Author Topic: Involuntarily Lost a Job (in IT) since 2008? How long did it take to replace?  (Read 2709 times)

frugaliknowit

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For purposes of determining an appropriate Emergency Fund size, can you share with me how long it took you to replace your job if you have been laid off/fired since 2008?  If you could share your job function/title, that would be great.  Thanks for your help!

Uturn

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I got fired in Feb 2010.  Jumped on the motorcycle and rode around TX for a week to clear my head, then landed a contract gig about 3 weeks later.  Found a full time gig in May.

I'm a 20 year's experienced network engineer in DFW.  Switched from network to security in 2013.  I changed companies last fall after a 3 month search.   

Spork

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It REALLY depends on location (and if you're willing to change it).

Much like Uturn, I was IT/Net security in Dallas for 20+ years.  Finding another gig there ... I haven't tried, but there are tons of openings (and I actually have some amount of people networking there.)

I moved to a smallish town in 2006 with no prospects.  It took me 3 years to find a similar gig there.  The pay was a little more than 1/2 of the bigger city with less benefits (and the cost of living was about 5-10% higher than the big city).  There just were not jobs in that field.  I saw about one opening every 6 months... applied for most of them... got offers on a few that I turned down due to long commute/low salary.

MayDay

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H and I suffered a series of horrible layoffs during the recession.  We were engineers, so analogous to IT but not exactly. 

The longest one lasted a year.

But the repetitive nature of them (I think there were maybe 5 total in 5 years?) was horrible in two ways.  1.  We never felt safe and secure.  The next one was always looming.  2.  Every layoff, the emergency fund would drop as we had to spend some of it, and then when a new job started we would save it up again, just to turn around and empty it again.  We never ran the emergency fund out totally, but we never got ahead.

Now H has been in the same job for over 4 years with no layoffs, but it still affects him mentally.  I was less affected as my layoff resulted in another job within the same company with no break in pay.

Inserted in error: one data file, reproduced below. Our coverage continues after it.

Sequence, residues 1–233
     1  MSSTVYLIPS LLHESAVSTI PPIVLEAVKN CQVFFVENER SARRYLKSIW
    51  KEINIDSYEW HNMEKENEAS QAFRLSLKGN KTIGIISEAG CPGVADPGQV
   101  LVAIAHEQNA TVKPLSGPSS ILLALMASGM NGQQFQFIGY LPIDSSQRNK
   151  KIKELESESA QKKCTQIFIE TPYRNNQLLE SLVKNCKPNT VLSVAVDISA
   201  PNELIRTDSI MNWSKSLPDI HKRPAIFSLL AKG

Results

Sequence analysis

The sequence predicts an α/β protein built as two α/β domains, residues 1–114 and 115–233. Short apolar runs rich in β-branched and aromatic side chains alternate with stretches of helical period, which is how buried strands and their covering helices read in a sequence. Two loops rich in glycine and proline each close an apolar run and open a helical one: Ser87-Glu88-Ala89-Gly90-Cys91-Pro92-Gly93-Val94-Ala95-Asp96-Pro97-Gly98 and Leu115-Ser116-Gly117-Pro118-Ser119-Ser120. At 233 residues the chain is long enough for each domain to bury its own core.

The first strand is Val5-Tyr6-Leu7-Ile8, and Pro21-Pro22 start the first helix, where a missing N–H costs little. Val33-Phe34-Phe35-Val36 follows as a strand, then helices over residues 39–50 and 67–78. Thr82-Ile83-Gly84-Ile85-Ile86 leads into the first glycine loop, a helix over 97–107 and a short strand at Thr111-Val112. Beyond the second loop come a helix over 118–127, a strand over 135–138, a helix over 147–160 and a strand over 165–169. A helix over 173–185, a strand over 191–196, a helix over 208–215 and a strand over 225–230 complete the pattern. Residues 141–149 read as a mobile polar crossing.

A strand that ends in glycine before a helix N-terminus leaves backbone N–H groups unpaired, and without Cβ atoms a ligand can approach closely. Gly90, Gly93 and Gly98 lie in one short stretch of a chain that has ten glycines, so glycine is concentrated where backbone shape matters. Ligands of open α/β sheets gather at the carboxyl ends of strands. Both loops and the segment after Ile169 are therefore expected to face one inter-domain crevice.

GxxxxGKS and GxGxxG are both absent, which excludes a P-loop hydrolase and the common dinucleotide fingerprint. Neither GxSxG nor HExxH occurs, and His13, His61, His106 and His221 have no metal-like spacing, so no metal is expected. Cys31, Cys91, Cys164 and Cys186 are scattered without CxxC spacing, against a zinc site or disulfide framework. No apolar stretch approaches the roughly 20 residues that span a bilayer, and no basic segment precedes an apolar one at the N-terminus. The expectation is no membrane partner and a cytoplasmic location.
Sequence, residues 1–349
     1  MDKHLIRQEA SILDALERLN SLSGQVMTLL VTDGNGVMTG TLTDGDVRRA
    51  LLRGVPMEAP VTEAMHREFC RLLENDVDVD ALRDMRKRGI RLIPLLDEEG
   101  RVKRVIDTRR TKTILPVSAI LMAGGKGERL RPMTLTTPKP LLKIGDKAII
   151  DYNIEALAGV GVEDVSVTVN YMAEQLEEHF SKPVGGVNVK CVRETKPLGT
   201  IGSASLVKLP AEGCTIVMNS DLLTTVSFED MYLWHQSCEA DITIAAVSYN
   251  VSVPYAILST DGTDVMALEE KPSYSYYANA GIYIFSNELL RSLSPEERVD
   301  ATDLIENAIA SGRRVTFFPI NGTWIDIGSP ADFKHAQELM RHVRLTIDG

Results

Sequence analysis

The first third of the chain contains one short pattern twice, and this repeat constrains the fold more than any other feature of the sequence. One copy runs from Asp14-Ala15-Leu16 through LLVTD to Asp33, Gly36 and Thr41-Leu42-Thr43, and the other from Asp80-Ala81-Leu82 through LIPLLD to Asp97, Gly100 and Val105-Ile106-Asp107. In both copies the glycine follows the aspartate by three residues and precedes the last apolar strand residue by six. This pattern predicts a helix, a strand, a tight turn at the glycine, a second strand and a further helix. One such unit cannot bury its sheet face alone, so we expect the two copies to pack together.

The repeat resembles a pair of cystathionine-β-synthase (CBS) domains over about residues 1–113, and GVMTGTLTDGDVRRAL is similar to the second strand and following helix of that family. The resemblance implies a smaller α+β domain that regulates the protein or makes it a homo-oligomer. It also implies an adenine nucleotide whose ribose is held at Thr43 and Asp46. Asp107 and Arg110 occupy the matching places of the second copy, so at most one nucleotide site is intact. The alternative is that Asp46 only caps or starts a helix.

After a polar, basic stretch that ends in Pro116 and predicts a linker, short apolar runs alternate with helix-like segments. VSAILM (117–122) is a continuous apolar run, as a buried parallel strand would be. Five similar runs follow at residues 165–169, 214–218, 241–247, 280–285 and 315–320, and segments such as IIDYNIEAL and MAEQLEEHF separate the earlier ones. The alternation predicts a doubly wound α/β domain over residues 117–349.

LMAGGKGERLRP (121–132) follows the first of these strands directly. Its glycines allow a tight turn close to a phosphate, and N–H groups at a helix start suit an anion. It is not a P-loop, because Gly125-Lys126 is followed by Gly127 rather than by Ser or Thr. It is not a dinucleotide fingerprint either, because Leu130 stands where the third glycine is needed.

Uturn

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No job is ever save and secure.  My mental well-being increased dramatically once I realized this.  Your job security comes from your ability to go find a way for you to be valuable to a company, not the company's ability to give you a paycheck. 

Having to dip into or ever use up your emergency fund during a crisis is not a sign of failure, it's a sign of doing things right.  Crisis and life setbacks happen to everyone, it's only foolish to not plan for them.   

RyanAtTanagra

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I got laid off in 2009 in Ohio.  Took 5 months to find the next job, but I was being a little picky.  Unemployment was covering my expenses nicely so I wasn't in a hurry.

bacchi

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Two startups have failed on me since 2008.; one in 2012 and one in 2014. Each time, it took about a month to pick up a contract gig.

For reference, in 2003, during the after-effects of the dotcom crash, I was unemployed for a year.

Helvegen

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My husband got laid off early 2011. We took our meager savings and UI, packed the car, and moved to the Puget Sound. We only had to use one week of UI because basically we both were offered temp work immediately. Within 3-4 weeks, my husband had several FT perm job offers. He took one and life was fine for about 15-16 months, when he was laid off again. He was out of work for 3 months, then was hired temp and offered a FT perm position the following month. He worked that job until two months ago when he was unexpectedly headhunted for another position making significantly more money.

forestj

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I was fired 4 months ago since the company  I was working for was going through a dry spell at the same time as I was for fighting to get a better salary.

I applied at a lot of places in the area (minneapolis metro). I was picky about who I wanted to work for (ethics, nature of business, and quality of work environment) and eventually found a nice job with slightly better salary than the one I was fired from.  It took me about a month of searching about 20 hours a week for the right fit.  I transitioned from a mid-level software developer role to a mid-level Dev Ops role.
« Last Edit: July 07, 2016, 06:18:20 PM by forestj »

Axecleaver

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After the .bomb crash, I was out of work for a year. Supplemented income with occasional consulting work, but made less than 20% of my 2000 salary. Other contract ends, layoffs, etc were three months or less.

plog

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Fired in 2009 as Data Analyst (building data warehouses, pulling data), hired 2 months later (sooner than I wanted) as Programmer/Data Analyst, 15% more money.

Always have your resume online and at least passively looking for a job.